Teaching Executive Function Skills to Young Adults

We often underestimate the ways executive function impacts us. It’s more than some buzzwords; executive function is critical to making and executing plans.

It’s one of those sets of life skills for teens that’s going to help carry them through early adulthood and beyond. Today we want to help parents and guardians better teach these skills to their teens, in a way that can be both fun and engaging.

The Basics of Executive Function

Let’s start with a simple but important question: What is executive function?

It’s a phrase we hear a lot in academia but it’s also one many parents only have a vague understanding of. At its core, executive function is the set of skills we need to execute plans. However, it requires more explaining than that.

Diving deeper, there are three main areas of these life skills for teens and adults, which work together to help us accomplish big tasks. These are:

  • Our working memory
  • Our ability to think flexibly
  • Our self-control

Weakness in one of these areas is going to make executing long-term plans much more difficult. Meanwhile, being strong in these areas tends to result not only in better scores academically but better life prospects in general.

Most experts agree these are pretty critical skills for children and teens to have. Developing them pays off in huge ways in almost every age category, including into adulthood, and lacking them can have major consequences.

While many people learn these skills naturally, not everyone does. This can sometimes result in someone feeling stupid or incompetent when they just need to practice their executive function skillset.

Why Some Teens (and Adults) Struggle

There are plenty of reasons someone might struggle with executive function. For example, over 90% of kids with ADHD struggle with executive function and this won’t go away as they get older without time and effort.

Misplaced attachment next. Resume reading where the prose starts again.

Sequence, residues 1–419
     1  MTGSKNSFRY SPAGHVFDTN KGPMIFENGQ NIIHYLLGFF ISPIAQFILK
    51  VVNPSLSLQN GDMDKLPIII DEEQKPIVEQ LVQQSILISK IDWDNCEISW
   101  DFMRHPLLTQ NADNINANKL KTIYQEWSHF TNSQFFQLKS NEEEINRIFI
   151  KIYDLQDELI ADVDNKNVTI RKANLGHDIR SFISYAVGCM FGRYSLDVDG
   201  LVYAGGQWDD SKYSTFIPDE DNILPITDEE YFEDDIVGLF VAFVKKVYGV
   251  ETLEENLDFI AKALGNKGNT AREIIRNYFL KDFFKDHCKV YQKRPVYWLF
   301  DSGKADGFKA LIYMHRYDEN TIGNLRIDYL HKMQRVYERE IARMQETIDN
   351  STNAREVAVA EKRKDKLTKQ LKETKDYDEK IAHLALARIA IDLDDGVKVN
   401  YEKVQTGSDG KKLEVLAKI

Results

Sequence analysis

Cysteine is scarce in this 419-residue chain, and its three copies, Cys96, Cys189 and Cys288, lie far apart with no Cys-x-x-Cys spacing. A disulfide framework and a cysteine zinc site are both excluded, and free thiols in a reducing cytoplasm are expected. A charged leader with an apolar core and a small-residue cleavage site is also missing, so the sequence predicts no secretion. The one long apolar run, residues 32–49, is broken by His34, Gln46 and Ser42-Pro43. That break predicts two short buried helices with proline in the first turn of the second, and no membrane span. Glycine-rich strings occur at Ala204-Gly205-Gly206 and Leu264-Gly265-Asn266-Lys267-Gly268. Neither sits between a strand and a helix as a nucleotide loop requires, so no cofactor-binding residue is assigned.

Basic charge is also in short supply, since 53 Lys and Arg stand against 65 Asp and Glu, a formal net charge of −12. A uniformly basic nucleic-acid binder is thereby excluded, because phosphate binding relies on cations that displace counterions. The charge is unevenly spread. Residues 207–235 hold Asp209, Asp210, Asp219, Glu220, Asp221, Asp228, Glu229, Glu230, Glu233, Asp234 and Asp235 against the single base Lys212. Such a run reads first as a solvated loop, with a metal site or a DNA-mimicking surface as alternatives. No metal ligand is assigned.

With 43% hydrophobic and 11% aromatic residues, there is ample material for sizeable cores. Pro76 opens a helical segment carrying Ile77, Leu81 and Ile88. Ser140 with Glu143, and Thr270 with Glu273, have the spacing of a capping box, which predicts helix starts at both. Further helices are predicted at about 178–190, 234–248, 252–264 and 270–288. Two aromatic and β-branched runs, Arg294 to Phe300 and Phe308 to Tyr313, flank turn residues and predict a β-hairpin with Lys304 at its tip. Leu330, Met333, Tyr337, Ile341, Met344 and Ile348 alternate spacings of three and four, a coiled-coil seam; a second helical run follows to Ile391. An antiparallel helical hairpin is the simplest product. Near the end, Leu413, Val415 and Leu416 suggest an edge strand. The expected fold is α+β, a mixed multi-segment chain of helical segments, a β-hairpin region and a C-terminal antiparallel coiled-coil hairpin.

While executive function is an important set of skills, it is a learned set of skills, not something that comes completely naturally. In some ways this is good news; struggling with these skills now doesn’t mean it has to be forever.

If you want to help a teen or an adult in your life, the trick is finding an effective approach for them to learn these skills. We admit this can be easier said than done. Many already feel disheartened and might think further efforts are a waste of time.

For teens, it can help to try and get their teachers on board. Teachers who are cognizant of a student’s unique challenges can be a huge help in developing their executive function skillset.

There are also classes aimed at various age groups to help people develop these skills. Wherever someone is in their life journey, these courses can be a big help when nothing else seems to do much good.

For today, we want to focus on something a bit more granular. There’s a tool; it’s available right on our store, that can do some real good for those who struggle with planning. Its ability to help is even right in the name!

Planners can make for great teen gifts, especially for those who are struggling with memory and planning. They can help reinforce life skills for teens that are important but while still staying fun all the while.

The Value of a Good Planner

One of the biggest challenges teens and young adults who are still trying to develop their executive function skill set run into is school. Academia, by default, requires a lot of the sort of planning they may still struggle with.

It isn’t only bias on our part to say that a teen planner, especially one aimed at education, can help in this regard.

A well-designed student planner is like a hub for all the important plans a student needs to remember. Projects, homework, and more can all be written down in a clear, easy-to-process way.

This is great for those who struggle with executive function because it allows them to lay out their work schedule day by day. It’s much easier to meet a project deadline if you can see when it’s due on a regular basis.

Remember, many students who struggle with executive function have genuine problems with their working memory. Being able to hold important details somewhere safe and easy to access can pay huge dividends.

Custom planners can also help with self-control if used correctly. A teen or young adult can schedule “fun” days and “work/project” days. By knowing a fun time is guaranteed up ahead, it’s often way easier to buckle down and work in the present.

Even a good planner is also unlikely to cost as much as the average college textbook. If it helps improve a student’s test scores and ability to plan, most parents would argue they’re more than worth it.

Getting into the Mind of a Struggling Student

We understand that the idea of a nice custom planner for a student struggling with executive function can seem a bit much to some parents. You might ask, “Why don’t they just make a note on a piece of paper?”